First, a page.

It is particularly noted that the test or input signal to the probe is first fed to a plurality of threshold detectors, one of which will feed a signal to a gate which will control the display to indicate the condition of the test signal. The inclusion of threshold detectors enables the probe to be preset for exact TTL and CMOS voltage levels, taking into account allowable tolerances. Thus, the probe of the present invention does not subject a test signal directly to gating circuitry.
Other features and advantages of the invention may be gained from the foregoing and from the description of a preferred embodiment of the invention which follows.
FIG. 1 is an elevational view of a logic probe embodying the present invention;
FIGS. 2A and 2B are schematic wiring diagrams of the circuitry of the probe; and
FIG. 3 is a schematic drawing of a seven segment LED alpha display device.
Referring to FIG. 1 of the drawing, the logic probe 10 comprises an enclosure 11 which houses the electrical circuitry hereinafter described, an LED alpha display device 12, and a conducting tip 13. A pair of conducting leads 14 and 15 having connectors by which the probe 10 can be connected or clipped to a power source are provided. That source will generally be provided by the circuitry to be checked by the probe. An LED 16 is provided to indicate if the leads 14 and 15 are connected with reverse polarity to the power source. If the leads are properly connected, LED 16 will not be illuminated. A toggle switch 17 is provided to set probe 10 for testing either TTL or CMOS circuitry. As will be seen hereinafter when the probe circuitry is described, switch 17 will determine the operative voltage level of the threshold detectors. A second toggle switch 18 is provided to enable probe 10 to indicate by means of its display 12 either a train of pulses or a single random pulse occurring at the circuit test point.
As has been mentioned, the logic probe of the present invention is intended for checking logic circuits to determine whether a particular circuit point is at a high voltage level or at a low voltage level, or at ground level, or at the supply voltage level, or if the circuit point is uncommitted or unconnected, i.e., neither at a high nor a low voltage level, or if a pulse train is present at the circuit point. In the description which follows, when writing of voltage levels, they will be indicated simply at high or low. Thus, when an input or an output terminal of a circuit component such as a gate or a detector or an inverter is said to be high, it is to be understood as meaning that the voltage level at that terminal is high, and when an input or output is low, it is to be understood as meaning that the voltage level at that terminal is low. Also, an input or an output terminal will simply be referred to as an input or an output. Thus, an input terminal of a gate will be described as the input of the gate and if the voltage level at an input terminal is high, it will be described as the input of the gate is high.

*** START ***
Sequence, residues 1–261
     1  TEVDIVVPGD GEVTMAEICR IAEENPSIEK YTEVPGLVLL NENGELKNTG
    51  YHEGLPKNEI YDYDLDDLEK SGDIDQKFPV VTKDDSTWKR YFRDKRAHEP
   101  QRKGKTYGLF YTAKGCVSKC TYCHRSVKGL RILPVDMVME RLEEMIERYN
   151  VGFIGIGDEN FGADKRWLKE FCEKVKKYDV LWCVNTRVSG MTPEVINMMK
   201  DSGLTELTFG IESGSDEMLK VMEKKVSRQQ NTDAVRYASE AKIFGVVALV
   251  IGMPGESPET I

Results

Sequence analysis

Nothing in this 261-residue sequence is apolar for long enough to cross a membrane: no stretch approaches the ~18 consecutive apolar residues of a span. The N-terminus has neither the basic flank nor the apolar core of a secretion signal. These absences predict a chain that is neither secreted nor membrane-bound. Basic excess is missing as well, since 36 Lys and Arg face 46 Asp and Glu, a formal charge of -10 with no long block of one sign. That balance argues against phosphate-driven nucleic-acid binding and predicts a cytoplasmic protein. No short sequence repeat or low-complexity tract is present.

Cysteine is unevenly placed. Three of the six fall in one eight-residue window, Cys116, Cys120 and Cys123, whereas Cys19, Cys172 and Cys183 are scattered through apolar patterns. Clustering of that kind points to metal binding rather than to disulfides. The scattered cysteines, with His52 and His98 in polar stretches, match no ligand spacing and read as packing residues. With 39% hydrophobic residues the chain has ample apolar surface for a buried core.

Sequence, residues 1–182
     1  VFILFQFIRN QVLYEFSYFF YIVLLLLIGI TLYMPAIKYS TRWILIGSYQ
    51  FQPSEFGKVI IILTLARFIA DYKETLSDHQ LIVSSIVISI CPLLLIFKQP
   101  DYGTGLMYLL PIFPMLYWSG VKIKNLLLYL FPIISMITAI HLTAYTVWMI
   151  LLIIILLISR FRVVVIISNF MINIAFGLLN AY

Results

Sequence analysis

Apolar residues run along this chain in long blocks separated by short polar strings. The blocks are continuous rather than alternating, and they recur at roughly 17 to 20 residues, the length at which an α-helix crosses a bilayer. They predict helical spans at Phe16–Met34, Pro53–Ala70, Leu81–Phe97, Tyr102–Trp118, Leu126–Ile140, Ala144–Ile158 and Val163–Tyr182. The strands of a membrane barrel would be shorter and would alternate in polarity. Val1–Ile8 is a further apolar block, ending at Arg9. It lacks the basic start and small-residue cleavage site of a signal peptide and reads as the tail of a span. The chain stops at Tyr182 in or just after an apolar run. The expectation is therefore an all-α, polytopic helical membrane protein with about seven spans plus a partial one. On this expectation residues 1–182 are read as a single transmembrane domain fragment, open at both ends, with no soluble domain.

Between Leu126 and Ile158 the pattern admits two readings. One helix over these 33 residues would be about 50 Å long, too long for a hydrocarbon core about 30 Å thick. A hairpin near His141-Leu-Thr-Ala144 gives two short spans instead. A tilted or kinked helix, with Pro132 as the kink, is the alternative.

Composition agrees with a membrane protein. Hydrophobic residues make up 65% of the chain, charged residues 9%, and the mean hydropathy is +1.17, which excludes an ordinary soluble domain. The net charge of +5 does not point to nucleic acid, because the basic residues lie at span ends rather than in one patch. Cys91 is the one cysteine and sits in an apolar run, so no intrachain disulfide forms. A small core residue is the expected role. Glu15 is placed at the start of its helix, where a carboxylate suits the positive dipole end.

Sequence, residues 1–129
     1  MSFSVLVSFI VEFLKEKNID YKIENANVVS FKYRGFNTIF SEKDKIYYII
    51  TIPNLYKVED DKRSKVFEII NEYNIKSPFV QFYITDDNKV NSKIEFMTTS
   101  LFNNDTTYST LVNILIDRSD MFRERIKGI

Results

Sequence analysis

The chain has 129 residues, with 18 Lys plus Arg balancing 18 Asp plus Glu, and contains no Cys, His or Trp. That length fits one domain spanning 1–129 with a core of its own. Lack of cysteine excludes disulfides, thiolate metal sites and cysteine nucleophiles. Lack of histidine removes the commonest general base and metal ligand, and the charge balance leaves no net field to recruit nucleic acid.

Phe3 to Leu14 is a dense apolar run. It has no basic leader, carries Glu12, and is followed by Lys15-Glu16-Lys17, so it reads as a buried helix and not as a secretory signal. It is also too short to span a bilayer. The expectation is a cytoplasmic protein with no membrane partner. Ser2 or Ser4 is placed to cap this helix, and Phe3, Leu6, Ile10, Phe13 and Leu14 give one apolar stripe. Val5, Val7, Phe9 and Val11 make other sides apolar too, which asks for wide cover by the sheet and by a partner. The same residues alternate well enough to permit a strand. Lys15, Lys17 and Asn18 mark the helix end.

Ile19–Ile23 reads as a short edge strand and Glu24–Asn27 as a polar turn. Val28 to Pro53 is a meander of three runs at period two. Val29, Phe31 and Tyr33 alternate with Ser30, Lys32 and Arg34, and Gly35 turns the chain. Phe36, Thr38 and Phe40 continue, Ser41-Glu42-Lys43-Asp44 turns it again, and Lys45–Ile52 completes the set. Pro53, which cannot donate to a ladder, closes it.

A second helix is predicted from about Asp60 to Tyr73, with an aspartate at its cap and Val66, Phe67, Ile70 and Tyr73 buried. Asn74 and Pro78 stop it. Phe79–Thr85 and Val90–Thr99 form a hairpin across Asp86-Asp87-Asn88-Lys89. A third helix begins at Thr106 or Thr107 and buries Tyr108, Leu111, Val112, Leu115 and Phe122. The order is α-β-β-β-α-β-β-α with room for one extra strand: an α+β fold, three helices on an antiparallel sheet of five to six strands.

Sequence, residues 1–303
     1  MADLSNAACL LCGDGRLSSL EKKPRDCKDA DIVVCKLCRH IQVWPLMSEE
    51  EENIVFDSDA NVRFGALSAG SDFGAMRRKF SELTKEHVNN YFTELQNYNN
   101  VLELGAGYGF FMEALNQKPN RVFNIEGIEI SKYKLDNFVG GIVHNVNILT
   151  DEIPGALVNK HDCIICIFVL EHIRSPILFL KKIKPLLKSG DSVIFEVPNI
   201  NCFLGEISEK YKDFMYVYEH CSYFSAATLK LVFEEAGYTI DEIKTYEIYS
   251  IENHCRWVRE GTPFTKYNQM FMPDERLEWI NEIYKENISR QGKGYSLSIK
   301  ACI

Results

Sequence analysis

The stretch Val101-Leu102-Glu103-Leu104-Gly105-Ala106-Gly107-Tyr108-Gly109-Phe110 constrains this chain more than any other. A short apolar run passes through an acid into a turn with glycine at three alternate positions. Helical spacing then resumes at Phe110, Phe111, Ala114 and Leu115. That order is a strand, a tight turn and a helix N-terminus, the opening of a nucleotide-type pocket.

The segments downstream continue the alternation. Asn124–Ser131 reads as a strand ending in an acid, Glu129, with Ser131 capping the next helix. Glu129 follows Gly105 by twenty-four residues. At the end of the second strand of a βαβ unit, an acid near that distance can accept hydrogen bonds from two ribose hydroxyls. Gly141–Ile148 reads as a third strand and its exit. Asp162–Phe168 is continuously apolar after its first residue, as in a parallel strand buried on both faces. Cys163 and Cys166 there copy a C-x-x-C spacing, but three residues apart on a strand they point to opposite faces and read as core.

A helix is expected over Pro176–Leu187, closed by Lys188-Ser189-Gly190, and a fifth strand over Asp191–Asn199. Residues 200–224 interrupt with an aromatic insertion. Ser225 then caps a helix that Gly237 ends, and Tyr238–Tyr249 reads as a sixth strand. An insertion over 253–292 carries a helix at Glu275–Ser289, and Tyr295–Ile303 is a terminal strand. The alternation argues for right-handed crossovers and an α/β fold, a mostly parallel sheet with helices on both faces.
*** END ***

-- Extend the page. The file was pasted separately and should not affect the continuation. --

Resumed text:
Since probe 10 is intended for use in testing both TTL and CMOS circuitry, the following standards should be mentioned. In TTL circuitry, the supply or operating voltage is from 4.5 to 5.5 volts, and, according to industry standards, a low voltage level is one that is less than or equal to 0.8 volts and a high voltage level is one that is equal to or greater than 2.4 volts. In CMOS circuitry, the supply or operating voltage is from 3.0 to 15.0 volts, with a low level voltage being 30% of the supply voltage and a high level voltage being 70% of the supply voltage.
Attention is now directed to FIG. 2 of the drawing, and particularly to the power supply circuits shown in the upper right hand corner thereof. Assume that lead 14 of probe 10 is the positive lead. It should be connected to the V+ terminal of the circuitry being tested, and lead 15 should be connected to the ground terminal. Of course, before actually connecting leads 14 and 15 to the power supply, switch 17 should be moved to the TTL or the CMOS position depending on whether the circuitry being checked employs TTL or CMOS logic. In this way, proper voltage levels are applied to the probe circuitry. If the leads are connected opposite to the way they should be, i.e., lead 14 to ground and lead 15 to V+, reverse polarity LED 16 will conduct and become illuminated to indicate that the connection of the leads should be reversed. Diode 19 will be reverse biased in this condition and prevent the incorrect polarity voltage from being applied to the probe circuitry. Also, it should be noted that when switch 17 is moved to its TTL position, a circuit (lower left hand corner of FIG. 2) is completed to illuminate light emitting diode DP in alpha display device 12 which thus serves as a further indication that the probe is set to test TTL circuitry rather than CMOS circuitry. See FIG. 3 for the location of diode DP relative to the principal LED elements of the display device.